Stateside distributors are ready for round three, following intense buying sprees at Sundance and Cannes earlier this year.
The credit crisis may still be reverberating, but largely undaunted film companies are entering the 32nd Toronto Film Festival with fat wallets and a healthy appetite for product.
Given the potential guild strikes, the number of new buyers and revitalized studio specialty arms seeking the next “Little Miss Sunshine,” most observers expect the pic purchasing pace to remain steady.
“This will be a busy and acquisition-filled festival, there is not too much doubt about that,” Lionsgate prexy Tom Ortenberg says.
While Toronto continues to be a crucial proving ground — a “shop window,” in the words of Miramax topper Daniel Battsek — for pics with Oscar ambitions, fest screenings can also help buyers assess playability of potential acquisitions.
One reason, say vets: Eager film lovers represent a sizable chunk of the Toronto audience, as opposed to jaundiced cineastes whose idea of a commercial director is Bela Tarr. “It’s like an early version of a test screening, so it can be quite useful in revealing the connection some films establish,” one buyer offers.
“There will be a lot more caffeine and even more of a frenzy than last year,” agrees Mark Gill, who just launched the Film Dept., a production, financing and foreign sales outfit. “There are more companies looking for product, and people have seen what has come out of Toronto in years past.”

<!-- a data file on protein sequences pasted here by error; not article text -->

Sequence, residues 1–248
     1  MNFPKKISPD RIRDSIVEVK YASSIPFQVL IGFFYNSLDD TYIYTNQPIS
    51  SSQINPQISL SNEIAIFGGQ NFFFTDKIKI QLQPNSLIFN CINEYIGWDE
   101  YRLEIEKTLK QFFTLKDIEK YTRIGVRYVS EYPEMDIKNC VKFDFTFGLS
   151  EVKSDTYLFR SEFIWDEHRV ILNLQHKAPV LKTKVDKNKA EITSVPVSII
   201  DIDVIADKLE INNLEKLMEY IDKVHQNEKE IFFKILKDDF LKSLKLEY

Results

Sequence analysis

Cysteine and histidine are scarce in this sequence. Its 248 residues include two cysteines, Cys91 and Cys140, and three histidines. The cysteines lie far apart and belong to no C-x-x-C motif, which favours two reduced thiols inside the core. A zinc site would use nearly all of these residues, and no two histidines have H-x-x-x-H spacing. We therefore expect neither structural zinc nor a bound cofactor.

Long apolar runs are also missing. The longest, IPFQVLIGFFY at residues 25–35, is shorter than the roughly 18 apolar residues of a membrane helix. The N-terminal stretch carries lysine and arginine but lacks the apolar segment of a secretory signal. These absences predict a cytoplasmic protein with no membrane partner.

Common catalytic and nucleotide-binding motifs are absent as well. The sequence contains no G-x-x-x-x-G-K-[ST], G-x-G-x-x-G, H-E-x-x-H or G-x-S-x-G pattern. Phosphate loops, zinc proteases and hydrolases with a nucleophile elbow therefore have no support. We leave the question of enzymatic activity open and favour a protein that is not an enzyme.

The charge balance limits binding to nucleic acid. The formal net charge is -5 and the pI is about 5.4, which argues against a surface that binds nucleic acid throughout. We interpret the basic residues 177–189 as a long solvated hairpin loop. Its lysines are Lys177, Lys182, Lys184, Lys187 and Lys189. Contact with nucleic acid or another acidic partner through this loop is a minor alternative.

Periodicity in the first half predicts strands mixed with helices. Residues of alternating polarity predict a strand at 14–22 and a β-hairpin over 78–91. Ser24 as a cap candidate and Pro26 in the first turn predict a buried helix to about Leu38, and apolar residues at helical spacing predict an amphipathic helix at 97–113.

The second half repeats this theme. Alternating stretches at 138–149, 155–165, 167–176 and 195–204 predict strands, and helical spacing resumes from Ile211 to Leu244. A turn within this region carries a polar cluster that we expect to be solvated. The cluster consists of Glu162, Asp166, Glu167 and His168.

Buyers are especially focused on the name-talent-heavy titles and hope to discover pics with commercial prospects such as “Thank You for Smoking,” which sold at the fest to Fox Searchlight amid
a heated battle in 2005 and went on to gross
$25 million domestically. (Pic’s helmer, Jason Reitman, returns to Toronto this year with “Juno,” which already has a U.S. distrib — Searchlight.)
With plenty of new buyers in the mix — Summit, Overture and Senator among the new domestic distribs — Toronto is a happy hunting ground, given how much mainstream product remains available. For the specialty divisions, the challenge is a dual one: beguiling the world film media with gala unspoolings and preems of their long-awaited pics while also not missing the boat on acquisition titles.
Given the fest’s massive scale — some say too massive — expect a steady hum of activity.
“There are a lot more holes to fill on people’s schedules this year, so it’s going to mean more people going to screenings making sure they got to everything,” notes Andrew Herwitz, whose Film Sales Co. is shopping five titles in Toronto.
Attorney and sales vet John Sloss also has a packed roster of films. It includes some of the fest’s most chased-after titles, such as Sigourney Weaver/Kate Bosworth drama “The Girl in the Park” and Uma Thurman starrer “In Bloom.”
“We have a more commercial slate than usual,” Sloss says, adding that he doesn’t have a single documentary on offer at the fest.
In addition to all the U.S. companies doing business in Toronto, just as many, if not more, overseas distributors see the Canuck event as must-attend. In the past five to seven years, fest regulars say, international buyer attendance has grown dramatically.
While not as many foreign pics are snapped up as in Berlin or Cannes, sometimes a crowdpleaser will wind up as a major takeaway (such as “Tsotsi” a couple of years ago). One prominent foreign title on a lot of short lists: “Le deuxieme souffle,” a thriller starring Daniel Auteuil and Monica Bellucci.
What does all this hunger and activity add up to? Headaches, when it comes time to release films, in many cases. Specialty players are piling up eight to 10 titles on a weekend — some very limited, some in a few dozen theaters, but all reducing the potential for every B.O. hopeful.
“This business would be a lot healthier if there were 450 titles a year instead of 650,” laments Meyer Gottlieb, head of Samuel Goldwyn.
Sharon Swart contributed to this report.